MN: Median nerve; LC: Lateral cord; LT: Lower trunk
PC: Posterior cord; UN: Ulnar nerve; UT: Upper trunk
On the left limb, the usual pattern of the brachial plexus was seen.
The common variations in the formation of the brachial plexus i.e. the prefixed and postfixed plexuses, have been well documented .
Formation of the lower trunk of the brachial plexus by the C7,C8 and T1 roots is very rare. Only Nayak et al.,  had earlier encountered an absence of the middle trunk, with the C7 root joining C5 and C6 to form the upper trunk; the lower trunk being formed by C8 and T1. In our case, the two trunks were formed, but the middle trunk (C7 root) had joined C8 and T1 instead of joining C5 and C6. So, it was different from the one which was reported by them.
Rao and Chaudary  are of the opinion that developmentally, the human brachial plexus appears as a single radicular cone in the upper limb bud. Initially, a plexus is formed by the anastomosis between the spinal nerves and then it develops into a solid plate that finally divides into separate trunks and then, divisions. The posterior division supplies the extensor muscles and their surfaces and the anterior division supplies the flexor muscles and their surfaces .
The guidance of the developing axons is regulated by the expression of chemoattractants and chemorepulsants in a highly co-ordinated site specific fashion.
Tropic substances such as the brain-derived neurotropic growth factor, neutrin-1, neutrin-2, the c-kit ligand, etc. attract the correct growth cones that happen to take the right path . Any alterations in the signalling between the mesenchymal cells and the neuronal growth cones or the circulatory factors at the time of fission of the brachial plexus cords, can lead to significant variations .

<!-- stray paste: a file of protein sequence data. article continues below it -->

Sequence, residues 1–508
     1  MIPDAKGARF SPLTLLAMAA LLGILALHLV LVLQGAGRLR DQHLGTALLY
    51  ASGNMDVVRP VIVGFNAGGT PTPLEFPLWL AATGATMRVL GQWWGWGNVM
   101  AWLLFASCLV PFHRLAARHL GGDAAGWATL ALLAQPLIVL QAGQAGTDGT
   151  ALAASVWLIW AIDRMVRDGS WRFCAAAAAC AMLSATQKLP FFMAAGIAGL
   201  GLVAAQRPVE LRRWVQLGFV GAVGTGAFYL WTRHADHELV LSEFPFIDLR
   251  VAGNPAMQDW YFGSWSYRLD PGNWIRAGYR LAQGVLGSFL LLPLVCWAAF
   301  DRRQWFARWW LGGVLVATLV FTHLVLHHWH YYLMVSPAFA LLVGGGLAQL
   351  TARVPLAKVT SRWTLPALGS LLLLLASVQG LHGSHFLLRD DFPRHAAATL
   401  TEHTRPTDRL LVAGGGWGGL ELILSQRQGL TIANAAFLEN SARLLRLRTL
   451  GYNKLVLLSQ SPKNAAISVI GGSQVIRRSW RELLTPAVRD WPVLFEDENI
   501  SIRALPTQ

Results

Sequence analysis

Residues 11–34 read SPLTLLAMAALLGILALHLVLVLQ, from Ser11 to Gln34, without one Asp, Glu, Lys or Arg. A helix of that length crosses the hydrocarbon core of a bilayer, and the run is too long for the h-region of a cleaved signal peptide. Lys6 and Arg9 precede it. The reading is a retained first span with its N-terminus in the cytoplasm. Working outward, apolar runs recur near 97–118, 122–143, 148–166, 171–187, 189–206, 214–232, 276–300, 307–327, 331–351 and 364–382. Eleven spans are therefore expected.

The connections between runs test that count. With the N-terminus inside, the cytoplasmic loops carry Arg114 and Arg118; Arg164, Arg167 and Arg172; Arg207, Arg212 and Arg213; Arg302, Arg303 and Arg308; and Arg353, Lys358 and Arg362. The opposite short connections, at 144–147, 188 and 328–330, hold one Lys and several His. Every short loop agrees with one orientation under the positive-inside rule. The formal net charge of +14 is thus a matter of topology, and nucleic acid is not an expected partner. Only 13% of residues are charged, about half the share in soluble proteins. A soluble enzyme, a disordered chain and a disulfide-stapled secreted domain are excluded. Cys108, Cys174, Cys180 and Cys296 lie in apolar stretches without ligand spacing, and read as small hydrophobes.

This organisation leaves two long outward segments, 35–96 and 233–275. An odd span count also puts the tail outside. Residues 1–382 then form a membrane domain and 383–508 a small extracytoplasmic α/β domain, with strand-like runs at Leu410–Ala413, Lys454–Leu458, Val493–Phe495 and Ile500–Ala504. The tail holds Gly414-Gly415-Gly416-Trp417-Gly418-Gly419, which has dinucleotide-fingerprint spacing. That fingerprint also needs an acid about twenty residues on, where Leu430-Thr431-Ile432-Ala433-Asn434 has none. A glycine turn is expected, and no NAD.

Ontogenically, the present variation may be due to a failure on the part of the radicular cone of the nerves of the upper limb to divide into different trunks. This may be attributed to the disproportionate display of the chemoattractants and the chemorepulsants.
If we trace the phylogeny, no trunk formation is seen in amphibians, reptiles and dogs. Two trunks are formed in marsupials and Lemurs. However, in them, the two lowest roots form an inferior trunk and the others form a superior trunk. Similarly, in gorilla, two trunks are formed, with a root value of C4,5, 6 for the first trunk and of C7,8, T1 for the second trunk . Thus, the present case was more close to that of a gorilla, with the upper trunk being formed from the C5, C6 roots (C4 not contributing) and the lower trunk being formed from C7,8,T1.
The knowledge on the variations which are involved in the formation of the brachial plexus is important, not only for anatomists, but also for radiologists, anaesthesiologists, neurosurgeons and orthopaedic surgeons. It will be of great use in the surgical treatment of tumours of the nerve sheaths, such as schwannomas and neurofibromas. The awareness on the variations might also help in treating non-neural tumours like lipomas. Orthopaedic procedures of the cervical spine also need a thorough knowledge on the normal and the abnormal formation of the brachial plexus .
Such a variant brachial plexus with two trunks, with the lower trunk having a root value of C7,8, T1, may give a confusing clinical picture if it is affected by Klumpke’s paralysis. In such cases, the injury may not be restricted to T1 or C8 only, but rather, it may extend to C7 as well. So, clinicians must be familiar with such an anomaly when they encounter an extended Klumpke’s paralysis case.